Lunch gets really busy, and rather slow. If you can't get there before 11:45, come after 1:00 or you'll be stuck waiting for a table. In short, this is not a fast place for weekday lunch. But if you have a little time, it's worth it.

The prices are lower than Flying Star, and I think the food is waaaaay better. I love their chopped chicken salad- crunchy veggies like carrot and celery, cooked chicken breast, and really tangy vinegary dressing. Their grilled salmon salad is also excellent. I also like the fish and chips (beer battered salmon with house made potato chips- mmm). I obviously need to spend some quality lunch hours exploring the rest of the menu.

Slate Street recently opened for dinner. The only time I went for dinner we ordered off the appetizer menu. As usual, everything was great. The prices are higher in the evening, but the menu is different and I'm sure worth every penny. Slate Street has a good wine list, and the atmosphere is so great- casual, but very cool.

Finally, Slate Street has a Wine Loft open above the main restaurant. The loft serves wine, beer, and (I think) regular cocktails, and the bar menu features fabulous nibbles and an abbreviated version of the dinner menu. This is a great place to hang out after work in the evening.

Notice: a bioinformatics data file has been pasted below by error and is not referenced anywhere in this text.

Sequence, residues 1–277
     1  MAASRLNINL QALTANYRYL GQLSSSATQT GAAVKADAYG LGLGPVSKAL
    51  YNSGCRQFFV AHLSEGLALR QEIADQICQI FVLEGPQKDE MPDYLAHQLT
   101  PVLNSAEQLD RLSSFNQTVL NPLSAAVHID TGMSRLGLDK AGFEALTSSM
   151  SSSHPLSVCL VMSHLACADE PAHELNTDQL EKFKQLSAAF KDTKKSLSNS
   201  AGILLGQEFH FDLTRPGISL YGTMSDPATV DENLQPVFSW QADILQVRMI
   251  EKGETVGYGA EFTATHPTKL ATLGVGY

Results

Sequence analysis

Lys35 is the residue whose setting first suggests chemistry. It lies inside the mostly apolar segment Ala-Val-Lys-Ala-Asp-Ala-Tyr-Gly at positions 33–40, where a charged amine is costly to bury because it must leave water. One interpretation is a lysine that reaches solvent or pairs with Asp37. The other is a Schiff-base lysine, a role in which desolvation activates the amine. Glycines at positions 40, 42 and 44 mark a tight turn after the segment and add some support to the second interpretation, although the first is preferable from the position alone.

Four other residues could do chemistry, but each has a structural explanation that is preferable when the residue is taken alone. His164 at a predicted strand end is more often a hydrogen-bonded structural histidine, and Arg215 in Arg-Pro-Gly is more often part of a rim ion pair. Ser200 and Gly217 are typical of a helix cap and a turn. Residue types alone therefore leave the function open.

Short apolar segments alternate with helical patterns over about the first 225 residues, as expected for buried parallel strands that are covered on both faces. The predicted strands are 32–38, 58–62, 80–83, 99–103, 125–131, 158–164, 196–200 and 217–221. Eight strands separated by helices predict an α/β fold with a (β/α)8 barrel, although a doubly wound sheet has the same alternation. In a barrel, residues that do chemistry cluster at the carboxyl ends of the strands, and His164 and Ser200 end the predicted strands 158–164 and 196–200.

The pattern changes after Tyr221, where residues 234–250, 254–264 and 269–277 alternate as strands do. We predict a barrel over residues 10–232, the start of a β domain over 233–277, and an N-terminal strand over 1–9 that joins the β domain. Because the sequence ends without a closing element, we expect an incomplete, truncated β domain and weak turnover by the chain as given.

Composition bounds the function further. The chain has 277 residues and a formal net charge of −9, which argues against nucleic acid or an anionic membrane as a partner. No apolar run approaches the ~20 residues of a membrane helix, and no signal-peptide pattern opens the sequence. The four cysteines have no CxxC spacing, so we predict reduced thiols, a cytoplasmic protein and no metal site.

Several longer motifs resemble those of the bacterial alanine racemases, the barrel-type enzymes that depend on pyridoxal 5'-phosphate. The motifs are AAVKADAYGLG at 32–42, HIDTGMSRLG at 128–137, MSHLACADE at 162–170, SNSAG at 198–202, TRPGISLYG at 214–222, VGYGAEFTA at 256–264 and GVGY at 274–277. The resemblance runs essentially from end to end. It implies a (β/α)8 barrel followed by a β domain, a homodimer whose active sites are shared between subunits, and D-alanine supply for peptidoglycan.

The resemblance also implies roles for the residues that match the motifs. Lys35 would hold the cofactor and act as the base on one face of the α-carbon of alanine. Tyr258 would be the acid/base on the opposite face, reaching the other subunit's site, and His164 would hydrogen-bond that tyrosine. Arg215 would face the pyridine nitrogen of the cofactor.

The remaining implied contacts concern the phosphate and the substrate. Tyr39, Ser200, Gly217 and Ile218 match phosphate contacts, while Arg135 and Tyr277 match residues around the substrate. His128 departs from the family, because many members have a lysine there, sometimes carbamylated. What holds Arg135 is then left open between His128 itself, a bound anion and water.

This IS a knitting blog after all....

And now for something completely different....

Actual KNITTING content!

May I present... Jaywalkers!

Pattern: Jawyalkers, from MagKnits October 2005
Needles: Size 1 Crystal Palace DPNs
Yarn: Vesper Sock Yarn by Julia of Knitterly Things (purchased from kpixie) in color Sweetwater.

I did the bigger size, and they STILL came out way too small for my feet, so I gifted them to an appreciative friend who wears a size 7. I am a really tight knitter, and these are not stretchy socks, so I guess this result was inevitable!

This was a great pattern, though hard to get a good fit. I might attempt a second pair in the hopes that they'll fit my size 9 feet, but then again, might not.


London was Fabulous, Part 3

Friday morning I went by Buckingham Palace and wandered through the adjacent gardens.

I spent the rest of the morning at the V&A, an absolutely amazing museum. I could spend WEEKS there (along with thousands of dollars in their gift shop!)

Friday was St. Patrick's Day,and the restaurant in Havery Nichols featured an Irish- themed prix fixe lunch (prix fixe not cheap!) It was a fab lunch- kir royale, followed by Irish oysters, lamb stew with a nice burgundy, and rhubarb crumble. Cost a small fortune, but made for a very happy tummy.